Why collect subjective data from the end-users when evaluating a training device? I was asked this question at a conference last month, almost as if subjectivity is a dirty word. The short answer is that if your users don't like the training device, they likely won't use it. If they don't use it, you won't get the objective data you may be looking for. The term "like" does not necessarily mean the training experience was pleasant. For instance, Soldiers, firefighters, surgeons, etc., must train under difficult, often intolerable conditions to prepare for the real-world challenges of their job. "Liking" the training, in such cases, means that the trainees see the value in preparing them to do their job successfully. When we collect subjective data, we also ask users if their expectations were met, what their emotional responses were from their experience, and most importantly, why. If we only gather objective data, such as the time to complete a task or the number of errors made, then we are only getting half the story. For example, why did it take so long to complete the task and why were certain errors made?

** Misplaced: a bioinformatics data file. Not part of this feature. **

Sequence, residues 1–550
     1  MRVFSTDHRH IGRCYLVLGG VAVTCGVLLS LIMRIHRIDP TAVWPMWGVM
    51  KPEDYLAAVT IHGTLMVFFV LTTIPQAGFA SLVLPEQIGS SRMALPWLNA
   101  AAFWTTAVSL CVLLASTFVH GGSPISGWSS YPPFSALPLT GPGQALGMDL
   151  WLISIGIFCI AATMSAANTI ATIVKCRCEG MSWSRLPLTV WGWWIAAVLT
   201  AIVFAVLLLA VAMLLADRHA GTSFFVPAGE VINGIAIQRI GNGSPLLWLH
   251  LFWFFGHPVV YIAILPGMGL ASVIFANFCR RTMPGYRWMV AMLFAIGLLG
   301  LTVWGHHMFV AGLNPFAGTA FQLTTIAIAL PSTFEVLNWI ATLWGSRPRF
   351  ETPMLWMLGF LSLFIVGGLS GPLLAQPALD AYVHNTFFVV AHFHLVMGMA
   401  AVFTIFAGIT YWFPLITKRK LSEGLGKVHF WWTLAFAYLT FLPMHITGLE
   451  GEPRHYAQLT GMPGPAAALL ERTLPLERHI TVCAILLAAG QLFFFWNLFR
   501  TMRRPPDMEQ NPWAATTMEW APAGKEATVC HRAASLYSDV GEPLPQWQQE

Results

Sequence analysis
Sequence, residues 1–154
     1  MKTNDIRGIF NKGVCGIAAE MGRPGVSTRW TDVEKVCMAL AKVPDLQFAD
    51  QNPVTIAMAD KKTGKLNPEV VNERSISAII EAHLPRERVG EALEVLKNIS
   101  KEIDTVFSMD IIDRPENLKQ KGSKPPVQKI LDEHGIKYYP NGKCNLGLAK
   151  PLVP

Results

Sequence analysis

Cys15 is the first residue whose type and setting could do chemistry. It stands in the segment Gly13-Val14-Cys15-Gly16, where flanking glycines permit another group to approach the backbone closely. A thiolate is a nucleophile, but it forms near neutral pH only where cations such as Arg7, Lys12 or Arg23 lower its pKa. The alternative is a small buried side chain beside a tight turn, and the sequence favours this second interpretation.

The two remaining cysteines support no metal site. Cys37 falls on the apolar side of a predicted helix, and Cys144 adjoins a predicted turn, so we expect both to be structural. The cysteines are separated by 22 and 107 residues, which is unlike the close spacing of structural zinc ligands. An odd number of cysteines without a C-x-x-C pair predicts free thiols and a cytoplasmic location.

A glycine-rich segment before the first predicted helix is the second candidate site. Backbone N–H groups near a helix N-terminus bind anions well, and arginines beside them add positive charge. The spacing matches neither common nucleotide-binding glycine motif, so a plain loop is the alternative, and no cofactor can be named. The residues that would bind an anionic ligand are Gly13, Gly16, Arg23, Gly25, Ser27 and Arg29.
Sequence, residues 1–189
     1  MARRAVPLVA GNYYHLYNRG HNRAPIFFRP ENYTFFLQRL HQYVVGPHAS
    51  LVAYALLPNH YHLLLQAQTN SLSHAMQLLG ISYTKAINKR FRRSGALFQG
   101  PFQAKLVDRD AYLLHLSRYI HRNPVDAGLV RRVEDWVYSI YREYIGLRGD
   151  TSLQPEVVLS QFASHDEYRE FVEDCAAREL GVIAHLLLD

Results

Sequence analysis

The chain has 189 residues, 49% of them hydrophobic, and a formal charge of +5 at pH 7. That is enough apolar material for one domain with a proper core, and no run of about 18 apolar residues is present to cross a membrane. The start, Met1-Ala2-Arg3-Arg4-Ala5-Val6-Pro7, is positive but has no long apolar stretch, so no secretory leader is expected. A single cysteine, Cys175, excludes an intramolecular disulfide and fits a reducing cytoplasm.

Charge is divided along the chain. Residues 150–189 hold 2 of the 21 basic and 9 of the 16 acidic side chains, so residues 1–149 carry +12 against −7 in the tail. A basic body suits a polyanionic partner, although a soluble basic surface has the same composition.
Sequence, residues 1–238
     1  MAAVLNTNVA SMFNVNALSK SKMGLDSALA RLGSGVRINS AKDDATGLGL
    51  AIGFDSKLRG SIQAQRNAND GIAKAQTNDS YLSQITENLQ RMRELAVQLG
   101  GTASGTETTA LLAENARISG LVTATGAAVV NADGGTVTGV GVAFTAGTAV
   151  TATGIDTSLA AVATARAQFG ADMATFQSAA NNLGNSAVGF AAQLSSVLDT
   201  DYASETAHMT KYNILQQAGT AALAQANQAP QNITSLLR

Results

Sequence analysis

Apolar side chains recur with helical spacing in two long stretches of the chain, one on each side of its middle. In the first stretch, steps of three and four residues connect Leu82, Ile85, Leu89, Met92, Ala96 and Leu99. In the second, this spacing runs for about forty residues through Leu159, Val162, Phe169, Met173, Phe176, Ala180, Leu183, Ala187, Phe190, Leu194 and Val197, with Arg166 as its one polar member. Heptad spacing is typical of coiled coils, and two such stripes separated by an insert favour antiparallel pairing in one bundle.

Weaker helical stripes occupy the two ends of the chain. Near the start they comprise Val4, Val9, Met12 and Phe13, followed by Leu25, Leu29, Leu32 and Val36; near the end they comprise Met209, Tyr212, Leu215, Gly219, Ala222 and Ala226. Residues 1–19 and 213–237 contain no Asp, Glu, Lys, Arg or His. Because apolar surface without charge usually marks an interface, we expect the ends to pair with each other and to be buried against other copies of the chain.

On a project for the U.S. Air Force, QIC's role was to conduct usability and user experience evaluations on a virtual flight simulator (Abich & Sikorski, 2022; Abich, Montalbano, & Sikorski, 2021). One of the most compelling responses I heard from an instructor pilot as he walked into the room was, "This looks like training." I reflected on that and thought, "What does it mean to look like training? How does the user's initial impression affect the feedback provided? How does the design impact their motivation to give the training device a chance? And why should any of this matter if the training device does what it's supposed to do?" The answers to these questions are subjective as end-users apply their unique expertise, experience, and expectations in evaluating the device. They are the ones that will have to use the devices and can see the value or potential shortcomings. If their lives depend on the skills, you can bet they will be particularly critical of any new training device. So next time you do a training device evaluation, embrace the subjective and don't worry about getting a little dirty. Otherwise, you may be missing out on some highly valuable feedback.
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